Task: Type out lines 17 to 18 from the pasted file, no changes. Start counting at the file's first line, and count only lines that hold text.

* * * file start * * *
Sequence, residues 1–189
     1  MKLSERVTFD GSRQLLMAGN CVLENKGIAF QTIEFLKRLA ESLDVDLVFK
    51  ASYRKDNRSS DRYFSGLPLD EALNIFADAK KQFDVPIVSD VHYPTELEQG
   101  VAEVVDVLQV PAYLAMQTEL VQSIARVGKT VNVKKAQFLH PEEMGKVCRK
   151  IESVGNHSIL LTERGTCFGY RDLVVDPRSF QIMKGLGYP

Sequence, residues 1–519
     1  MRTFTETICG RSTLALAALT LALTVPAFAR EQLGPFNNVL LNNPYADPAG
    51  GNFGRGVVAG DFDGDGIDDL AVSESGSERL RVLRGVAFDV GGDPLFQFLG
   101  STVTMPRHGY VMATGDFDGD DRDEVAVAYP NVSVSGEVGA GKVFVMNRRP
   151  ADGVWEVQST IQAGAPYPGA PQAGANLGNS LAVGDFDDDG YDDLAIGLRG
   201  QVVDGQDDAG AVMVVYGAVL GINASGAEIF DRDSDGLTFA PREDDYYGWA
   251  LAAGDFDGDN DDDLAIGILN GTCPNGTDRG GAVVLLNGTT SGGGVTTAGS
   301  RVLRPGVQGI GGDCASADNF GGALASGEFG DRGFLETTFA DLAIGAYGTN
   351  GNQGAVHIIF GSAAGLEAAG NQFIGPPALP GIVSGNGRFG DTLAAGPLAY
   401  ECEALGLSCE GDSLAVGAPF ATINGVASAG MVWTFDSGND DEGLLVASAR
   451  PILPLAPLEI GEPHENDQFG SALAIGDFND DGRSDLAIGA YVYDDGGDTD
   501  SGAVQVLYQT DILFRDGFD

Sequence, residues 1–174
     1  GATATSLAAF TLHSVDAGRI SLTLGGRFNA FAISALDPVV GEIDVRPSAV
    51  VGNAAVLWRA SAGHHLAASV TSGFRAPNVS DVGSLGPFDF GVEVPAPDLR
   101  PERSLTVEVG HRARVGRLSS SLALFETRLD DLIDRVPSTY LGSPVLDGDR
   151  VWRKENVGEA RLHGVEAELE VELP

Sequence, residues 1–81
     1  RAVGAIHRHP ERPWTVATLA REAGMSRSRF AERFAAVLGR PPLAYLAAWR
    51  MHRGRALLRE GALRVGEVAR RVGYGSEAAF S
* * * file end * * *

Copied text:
   501  SGAVQVLYQT DILFRDGFD

Sequence, residues 1–174